What is it?
It is important to consider the whole student when thinking about behaviour. An important factor, sometimes overlooked, is the student’s physical state. It is crucial to rule out any illness, pain or other physical problems that might be contributing to learning and engagement in the classroom. Positive behavioural strategies will have limited impact when there is an underlying medical reason for them.
These difficulties may make it less likely that a student will accurately perceive and report pain and other medical conditions, such as toothache, earaches, headaches, sore throats, gastrointestinal pain, infections and joint pain. These conditions can have a significant effect on wellbeing and engagement and it may be especially important to consider when a student’s participation in learning has suddenly changed. Similarly, medication can have unusual side effects for some students, even at low doses. These side effects can include increased emotional responses, teariness, increased activity or sleepiness, among others.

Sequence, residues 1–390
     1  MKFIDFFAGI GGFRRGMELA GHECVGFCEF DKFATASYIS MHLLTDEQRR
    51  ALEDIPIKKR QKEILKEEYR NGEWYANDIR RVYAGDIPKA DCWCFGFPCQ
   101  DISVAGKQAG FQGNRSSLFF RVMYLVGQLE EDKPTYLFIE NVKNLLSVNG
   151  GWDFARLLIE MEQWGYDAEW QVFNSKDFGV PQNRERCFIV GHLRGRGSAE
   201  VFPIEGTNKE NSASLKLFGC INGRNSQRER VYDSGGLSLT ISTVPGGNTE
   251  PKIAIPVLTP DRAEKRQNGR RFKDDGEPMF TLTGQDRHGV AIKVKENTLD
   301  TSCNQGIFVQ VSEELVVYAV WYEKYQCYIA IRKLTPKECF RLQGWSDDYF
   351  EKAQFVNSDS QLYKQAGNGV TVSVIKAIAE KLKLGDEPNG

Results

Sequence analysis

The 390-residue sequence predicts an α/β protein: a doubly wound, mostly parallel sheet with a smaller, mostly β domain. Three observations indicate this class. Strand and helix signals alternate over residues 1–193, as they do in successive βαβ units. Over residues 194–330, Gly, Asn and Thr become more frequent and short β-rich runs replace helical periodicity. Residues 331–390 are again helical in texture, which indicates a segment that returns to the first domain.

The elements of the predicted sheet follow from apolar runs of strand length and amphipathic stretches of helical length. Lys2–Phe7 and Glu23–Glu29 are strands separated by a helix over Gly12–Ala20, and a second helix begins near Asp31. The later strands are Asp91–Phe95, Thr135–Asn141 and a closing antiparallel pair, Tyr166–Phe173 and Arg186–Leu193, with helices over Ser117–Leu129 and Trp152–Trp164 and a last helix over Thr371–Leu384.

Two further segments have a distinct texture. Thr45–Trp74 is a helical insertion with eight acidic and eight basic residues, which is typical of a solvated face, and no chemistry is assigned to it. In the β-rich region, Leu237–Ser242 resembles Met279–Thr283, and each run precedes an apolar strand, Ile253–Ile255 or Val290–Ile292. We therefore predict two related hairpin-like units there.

Concerns about medical conditions or medication effects should be addressed with the parent and the child’s medical team. It is possible that solving medical issues will have a significant positive impact on learning and engagement and reduce behaviour/s of concern.
What can I do?
Teachers play an important role in addressing concerns with parents and in monitoring students during the school day. In many cases, the observations of the student in the classroom will be invaluable to medical staff as they try to understand a student’s needs. Important observations may include:
- the student’s level of activity at different times of day
- the student’s mood at different times of day
- any physical signs such as touching or holding body parts, unusual movements or posturing
- any signs of attempted self-injury e.g. head banging, hair pulling.
Medical and/or dental reviews are important for all age groups and particularly for those students with limited verbal skills.
Where can I learn more?
Discuss this further with your GP.